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Author Topic: Imageprint - worth the $ ? - compare to QImage? other views please!  (Read 25564 times)
PeterAit
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« Reply #20 on: November 04, 2010, 03:43:04 PM »
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ImagePrint is unbeatable as to price? Do tell <g>!

But, you misunderstood my question. When I asked how IP profiles are better, I was asking how the resulting prints are better. To be honest, I have never tried the program, but for such an expensive product I have yet to see any believable or objective information about why it is worth the money. Plus, I find the company's pricing to be grotesquely high and rather offensive in requiring a new purchase when you upgrade your printer. It would cost me $895 for my Epson 4880, and then if I upgrade to a 24" printer I would have to buy a whole new version for $1495?!?! I could see - barely - limiting the program to one printer at a time, but this licensing scheme seems like a real money grab. And, to be honest, when a company treats their (potential) customers this way, they can go jump in the lake as far as I am concerned.
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Peter
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John Nollendorfs
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« Reply #21 on: November 04, 2010, 04:45:30 PM »
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RIPs were at one time priced $5000 or more. These prices are somewhat reasonable in comparison. Of  course, this was in the time when 36" inkjet printers were selling for $15000 also, and did not come with drivers.

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Sven W
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« Reply #22 on: November 04, 2010, 05:19:50 PM »
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ImagePrint is unbeatable as to price? Do tell <g>!

But, you misunderstood my question. When I asked how IP profiles are better, I was asking how the resulting prints are better. To be honest, I have never tried the program, but for such an expensive product I have yet to see any believable or objective information about why it is worth the money. Plus, I find the company's pricing to be grotesquely high and rather offensive in requiring a new purchase when you upgrade your printer. It would cost me $895 for my Epson 4880, and then if I upgrade to a 24" printer I would have to buy a whole new version for $1495?!?! I could see - barely - limiting the program to one printer at a time, but this licensing scheme seems like a real money grab. And, to be honest, when a company treats their (potential) customers this way, they can go jump in the lake as far as I am concerned.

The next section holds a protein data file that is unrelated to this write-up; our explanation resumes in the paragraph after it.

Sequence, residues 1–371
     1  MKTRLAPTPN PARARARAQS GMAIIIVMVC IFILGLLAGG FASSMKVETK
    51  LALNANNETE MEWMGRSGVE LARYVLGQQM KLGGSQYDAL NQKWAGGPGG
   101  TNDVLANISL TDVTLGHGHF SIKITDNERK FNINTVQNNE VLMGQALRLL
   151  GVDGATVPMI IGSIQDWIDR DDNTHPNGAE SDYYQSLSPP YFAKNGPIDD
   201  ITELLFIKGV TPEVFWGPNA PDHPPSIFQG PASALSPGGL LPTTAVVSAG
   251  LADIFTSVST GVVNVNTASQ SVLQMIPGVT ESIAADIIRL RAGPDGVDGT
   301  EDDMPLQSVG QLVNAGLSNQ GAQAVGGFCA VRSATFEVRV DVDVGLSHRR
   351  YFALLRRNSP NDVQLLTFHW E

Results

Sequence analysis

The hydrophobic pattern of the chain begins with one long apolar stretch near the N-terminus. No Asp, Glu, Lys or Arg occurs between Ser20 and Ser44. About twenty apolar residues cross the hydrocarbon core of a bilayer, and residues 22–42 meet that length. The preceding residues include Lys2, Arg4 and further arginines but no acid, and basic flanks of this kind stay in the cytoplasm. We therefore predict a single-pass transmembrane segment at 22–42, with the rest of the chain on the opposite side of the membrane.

And you misunderstood my comparison; that "quality and price" both are higher for that system then the OEM system.
Better prints? Different prints, I would say. But that is just one of many good reasons for using a RIP like IP.
About pricing; what's the cost for an own profiling system, e.g. EyeOne Pro with ProfileMaker?
What's the cost for custom made profiles, say, for ten different papers?

/Sven
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Ernst Dinkla
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« Reply #23 on: November 05, 2010, 03:09:24 AM »
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And you misunderstood my comparison; that "quality and price" both are higher for that system then the OEM system.
Better prints? Different prints, I would say. But that is just one of many good reasons for using a RIP like IP.
About pricing; what's the cost for an own profiling system, e.g. EyeOne Pro with ProfileMaker?
What's the cost for custom made profiles, say, for ten different papers?

/Sven

Investing in an optimal profile creation solution can be done at different costs. It keeps its value longer + no restrictions on how many printers you make profiles for or the number of profiles. That can not be said of the IP purchase or buying custom made profiles. If there's more time than money available a nice solution can be an Eye One Basic + ArgyllCMS. The purchase of the Spectroproofer for the 9900 + suitable software is an option but I do not know whether that covers profile creation for the other printers like possible with the HP Z models. If the Spectroproofer exports CGAT files ArgyllCMS is an option too.


met vriendelijke groeten, Ernst Dinkla

spectral plots of +100 inkjet papers:
http://www.pigment-print.com/spectralplots/spectrumviz_1.htm


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Sven W
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« Reply #24 on: November 05, 2010, 05:52:26 AM »
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The OEM printsystem vs ImagePrint RIP:
Mark Dubovoy's printing article on LL

"When I began to make prints, I frankly did not know what to expect. State of the art inkjet printers have gotten so good, that I very much doubted anyone could exceed the quality of something like the Epson 9900 with my custom settings and my custom profiles.  I was wrong.  The prints made using Imageprint 8 are better.

As to how much better they are, really depends on the particular image.  In some images, the difference is quite subtle and it may take a couple of minutes of observing the prints side by side to really see it. Interestingly, once you see it, it somehow gets imbedded in your brain. If you re-shuffle the prints and look at them again, you can now pick the better prints instantly."
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Alan Goldhammer
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« Reply #25 on: November 05, 2010, 06:20:43 AM »